Why then should we renew your contract?
Give me lots of reasons why we should do so.
It may sound obvious, but we hired you in good faith. You interviewed well and seemed enthusiastic about teaching here at St. Swithins.Your transcripts and references were sound and everything checked out. Consequently we had great expectations.
For the most part you have not let us down. Your lesson plans are well thought out. You present the material in an engaging manner. You incorporate technology into your teaching effortlessly and effectively. Your classroom management and communication skills are very good. We particularly like the way in which your students respond to you and the subject. You are easy to understand even when explaining material which is complex. You have a high helpfulness quotient. That's so important when students have questions or need a point in the lesson retaught. Students must always feel that they can ask for help without any judgment being made. Your assignments make sense, have a stated purpose and are clearly laid out.
When you started with us, you had a tendency to be tough with the grading. But once you understood our standards and what we are trying to accomplish, you sorted that out. What we particularly like is that you have quickly established a reputation for fairness and listening to your students.
As you can see in the mini-evaluation above, schools look for specific things in your teaching and classroom manner. It frankly all boils down to whether your students feel inspired and happy around you. You are their teacher and guide but not their friend. You have to listen and mentor them, but not over-manipulate or interfere. Children learn by example. Be the best example you can be.
Within that framework it is extremely important for you in the first year of your contract to learn how to fit in with the school's style and mission as best you can. Don't be afraid to ask your administrator how you are doing and what you can do to improve your effectiveness as a teacher. Then be sure to act on those recommendations. Implicit or explicit.
So very important to take the initiative whenever and wherever you can to show that you are eager, enthusiastic and willing to help in any way you can. Of course, if you are asked to take on a responsibility such as supervising an extracurricular activity or coaching an intramural sport, agree to do so enthusiastically and eagerly. In your first year or so be savvy enough to test the waters if you will. What do I mean? If, for example, you see a need for an activity which is not currently offered, make some discreet inquiries to find out why somebody before hadn't already thought of that activity. There's usually a good reason why that is. Once you have determined that an idea is worth pursuing, then pitch it to a senior member of staff. Even better if you can get her to believe it was her idea. That way any negative criticism will be shared at the worst and deflected at best.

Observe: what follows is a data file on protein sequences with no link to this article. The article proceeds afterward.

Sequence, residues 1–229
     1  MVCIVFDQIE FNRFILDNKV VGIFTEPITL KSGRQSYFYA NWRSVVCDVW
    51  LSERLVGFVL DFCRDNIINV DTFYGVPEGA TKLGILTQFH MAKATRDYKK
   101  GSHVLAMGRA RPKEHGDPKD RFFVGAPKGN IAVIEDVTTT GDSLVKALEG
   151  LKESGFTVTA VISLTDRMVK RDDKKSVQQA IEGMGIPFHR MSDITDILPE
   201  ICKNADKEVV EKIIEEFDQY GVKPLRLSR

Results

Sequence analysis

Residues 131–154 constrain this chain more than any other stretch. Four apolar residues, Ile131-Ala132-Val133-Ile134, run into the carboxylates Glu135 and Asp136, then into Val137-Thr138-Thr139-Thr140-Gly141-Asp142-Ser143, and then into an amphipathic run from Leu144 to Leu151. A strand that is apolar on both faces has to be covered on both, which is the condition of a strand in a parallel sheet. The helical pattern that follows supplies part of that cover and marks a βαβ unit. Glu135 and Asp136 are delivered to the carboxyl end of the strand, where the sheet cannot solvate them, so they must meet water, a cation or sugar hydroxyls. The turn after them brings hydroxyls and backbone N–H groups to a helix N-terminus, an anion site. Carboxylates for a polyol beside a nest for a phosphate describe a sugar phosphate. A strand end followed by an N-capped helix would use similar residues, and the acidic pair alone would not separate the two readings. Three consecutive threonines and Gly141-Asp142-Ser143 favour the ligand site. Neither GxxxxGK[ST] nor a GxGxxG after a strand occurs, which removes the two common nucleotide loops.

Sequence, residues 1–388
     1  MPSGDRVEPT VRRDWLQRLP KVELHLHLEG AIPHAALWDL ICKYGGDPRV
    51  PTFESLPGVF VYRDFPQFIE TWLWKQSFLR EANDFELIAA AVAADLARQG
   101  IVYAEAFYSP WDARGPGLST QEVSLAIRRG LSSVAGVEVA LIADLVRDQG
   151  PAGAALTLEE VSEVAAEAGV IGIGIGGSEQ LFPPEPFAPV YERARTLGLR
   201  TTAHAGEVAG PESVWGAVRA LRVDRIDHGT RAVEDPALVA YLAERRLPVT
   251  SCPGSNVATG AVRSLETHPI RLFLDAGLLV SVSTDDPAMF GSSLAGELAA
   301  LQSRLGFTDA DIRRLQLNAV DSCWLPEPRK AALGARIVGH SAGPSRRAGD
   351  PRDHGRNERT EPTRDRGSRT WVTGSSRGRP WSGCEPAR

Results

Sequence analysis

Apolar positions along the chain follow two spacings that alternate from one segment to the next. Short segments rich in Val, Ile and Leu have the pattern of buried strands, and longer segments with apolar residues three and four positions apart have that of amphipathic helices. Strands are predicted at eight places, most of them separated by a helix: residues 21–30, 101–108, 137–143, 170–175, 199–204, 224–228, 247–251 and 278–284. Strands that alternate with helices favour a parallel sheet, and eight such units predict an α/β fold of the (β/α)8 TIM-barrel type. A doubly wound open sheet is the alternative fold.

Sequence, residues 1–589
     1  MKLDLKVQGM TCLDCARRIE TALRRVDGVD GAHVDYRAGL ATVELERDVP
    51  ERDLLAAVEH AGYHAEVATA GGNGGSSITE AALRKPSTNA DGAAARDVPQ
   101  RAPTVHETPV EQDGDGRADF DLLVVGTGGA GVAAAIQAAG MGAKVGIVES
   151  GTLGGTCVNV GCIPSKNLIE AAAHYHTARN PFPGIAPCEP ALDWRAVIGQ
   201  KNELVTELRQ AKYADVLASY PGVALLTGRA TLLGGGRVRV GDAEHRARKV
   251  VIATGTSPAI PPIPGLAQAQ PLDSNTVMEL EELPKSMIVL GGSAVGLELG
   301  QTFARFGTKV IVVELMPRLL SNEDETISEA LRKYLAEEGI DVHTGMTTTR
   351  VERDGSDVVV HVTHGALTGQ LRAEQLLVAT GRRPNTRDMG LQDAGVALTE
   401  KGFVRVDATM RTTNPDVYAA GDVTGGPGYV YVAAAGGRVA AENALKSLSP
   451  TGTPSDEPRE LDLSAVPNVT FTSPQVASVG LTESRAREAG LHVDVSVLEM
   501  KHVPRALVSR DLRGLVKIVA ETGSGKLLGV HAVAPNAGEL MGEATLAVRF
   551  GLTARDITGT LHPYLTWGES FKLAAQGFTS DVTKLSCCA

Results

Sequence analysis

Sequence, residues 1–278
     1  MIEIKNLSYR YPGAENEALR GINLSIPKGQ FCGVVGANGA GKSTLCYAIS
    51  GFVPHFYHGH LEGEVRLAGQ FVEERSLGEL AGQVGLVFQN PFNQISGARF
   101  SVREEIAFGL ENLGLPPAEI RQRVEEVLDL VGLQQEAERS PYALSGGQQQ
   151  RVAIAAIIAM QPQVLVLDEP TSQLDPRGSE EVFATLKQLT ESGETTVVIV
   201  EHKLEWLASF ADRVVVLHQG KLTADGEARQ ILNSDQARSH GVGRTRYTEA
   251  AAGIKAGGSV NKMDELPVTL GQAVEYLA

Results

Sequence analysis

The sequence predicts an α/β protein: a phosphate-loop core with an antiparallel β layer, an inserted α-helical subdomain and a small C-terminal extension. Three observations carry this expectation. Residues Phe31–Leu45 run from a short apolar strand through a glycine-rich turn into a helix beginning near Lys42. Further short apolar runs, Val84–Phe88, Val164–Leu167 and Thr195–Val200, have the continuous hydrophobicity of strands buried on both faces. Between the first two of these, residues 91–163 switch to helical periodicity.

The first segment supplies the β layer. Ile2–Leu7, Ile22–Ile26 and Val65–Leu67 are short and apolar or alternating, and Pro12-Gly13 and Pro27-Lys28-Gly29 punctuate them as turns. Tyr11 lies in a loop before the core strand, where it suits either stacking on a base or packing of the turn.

Finally, work hard. Nobody likes a lazy colleague. Goofing off now and then is perfectly acceptable. But the overall impression you need to project in your public life is that of an earnest, hard-working professional. Students will respond positively to that.
Prove your value
You have line after line of superb accomplishments in your curriculum vita. Show the school that you are eager to share your experience and talents with your students and the larger school community. If you studied abroad as a Fulbright or Rhodes scholar, sharing your experiences through slides, Powerpoint and panel discussions will inspire students to want to shoot for the stars too. You did it. They can do it too. Schools appreciate that kind of value-add. If you are a curriculum specialist, you can provide invaluable guidance and input on the all-important academic side of things.
Give the impression that you love what you are doing and that you are a keeper. Then you can be assured that your contract renewal process will be concluded successfully.